FDA ignored evidence when calling BPA safeBy Liz Szabo, USA TODAY
The Food and Drug Administration ignored evidence when concluding that a chemical in plastic baby bottles is safe, according an expert panel asked to review the agency's handling of the controversial substance.
The Food and Drug Administration ignored evidence about the danger posed by a chemical in plastic baby bottles, according a report released Wednesday.
The excluded studies suggest bisphenol A, or BPA, could pose harm to children at levels at least 10 times lower than the amount the agency says is safe, according to the report written by outside scientists asked to review the agency's handling of the controversial substance.
Excluding evidence of harm "creates a false sense of security" about BPA, the panel's report says.
The scientists took the FDA to task for basing its safety decision in August on three industry-funded studies. Another government agency, the National Toxicology Program, decided many other independent studies deserved consideration. The toxicology program concluded last month there is "some concern" that BPA alters development of the brain, prostate and behavior in children and fetuses.
The expert panel also found the FDA underestimated how much BPA babies ingest on several counts. For one, the agency failed to consider the cumulative effect of being exposed to BPA from dozens of products, a fundamental error that "severely limits the usefulness" of the FDA's safety estimate.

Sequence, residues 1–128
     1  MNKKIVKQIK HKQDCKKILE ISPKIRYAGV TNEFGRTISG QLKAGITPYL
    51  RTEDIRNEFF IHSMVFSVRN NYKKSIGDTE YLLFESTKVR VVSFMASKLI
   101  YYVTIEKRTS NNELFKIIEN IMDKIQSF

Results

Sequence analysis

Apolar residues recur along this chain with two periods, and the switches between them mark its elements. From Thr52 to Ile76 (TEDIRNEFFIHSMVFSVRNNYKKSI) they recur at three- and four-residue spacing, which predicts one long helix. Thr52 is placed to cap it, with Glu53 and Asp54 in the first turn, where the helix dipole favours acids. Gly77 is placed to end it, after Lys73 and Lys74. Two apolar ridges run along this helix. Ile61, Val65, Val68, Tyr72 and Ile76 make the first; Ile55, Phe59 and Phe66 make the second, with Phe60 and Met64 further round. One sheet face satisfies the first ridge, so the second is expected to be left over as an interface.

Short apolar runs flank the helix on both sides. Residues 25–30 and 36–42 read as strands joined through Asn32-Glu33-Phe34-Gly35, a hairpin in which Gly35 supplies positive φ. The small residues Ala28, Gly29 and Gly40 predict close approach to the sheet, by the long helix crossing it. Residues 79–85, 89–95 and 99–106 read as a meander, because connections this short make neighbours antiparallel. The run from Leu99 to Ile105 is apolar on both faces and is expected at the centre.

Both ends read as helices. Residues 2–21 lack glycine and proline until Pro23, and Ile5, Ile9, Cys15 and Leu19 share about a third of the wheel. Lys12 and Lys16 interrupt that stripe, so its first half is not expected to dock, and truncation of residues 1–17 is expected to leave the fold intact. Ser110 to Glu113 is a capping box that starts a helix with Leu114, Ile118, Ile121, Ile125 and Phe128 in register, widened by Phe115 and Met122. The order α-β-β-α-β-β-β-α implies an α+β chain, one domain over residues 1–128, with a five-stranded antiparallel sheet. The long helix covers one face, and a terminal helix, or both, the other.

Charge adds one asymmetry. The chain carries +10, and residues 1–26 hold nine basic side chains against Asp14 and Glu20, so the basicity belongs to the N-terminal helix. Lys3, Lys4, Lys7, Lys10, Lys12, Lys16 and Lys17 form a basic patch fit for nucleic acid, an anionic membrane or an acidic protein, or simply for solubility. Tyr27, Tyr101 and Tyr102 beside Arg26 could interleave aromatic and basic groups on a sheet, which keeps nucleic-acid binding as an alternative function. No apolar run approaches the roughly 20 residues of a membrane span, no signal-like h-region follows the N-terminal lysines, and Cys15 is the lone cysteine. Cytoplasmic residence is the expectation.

An advocacy group, the Natural Resources Defense Council, believes BPA is too toxic to use in baby products at all. The group formally has asked the FDA to remove BPA from food and beverage containers.
The new report was written by a subcommittee of the FDA's outside science board, experts who advise the FDA on complex issues. The full science board, scheduled to meet Friday, can endorse the subcommittee's report or write its own.
In a statement, the FDA said the subcommittee's report "raises important questions" and says it is planning to do additional research on BPA.
In a statement, the American Chemistry Council, an industry group, said members will comply with the FDA's final decision, even if that means phasing out BPA.
The subcommittee has attracted controversy itself. The FDA's deputy commissioner for policy, Randall Lutter, has recommended the subcommittee chairman refrain from voting because of allegations of conflict of interest. Lutter said there is no reason the chairman, Martin Philbert of the University of Michigan, should step down. Philbert heads a research center that has accepted funding from the chemical industry.
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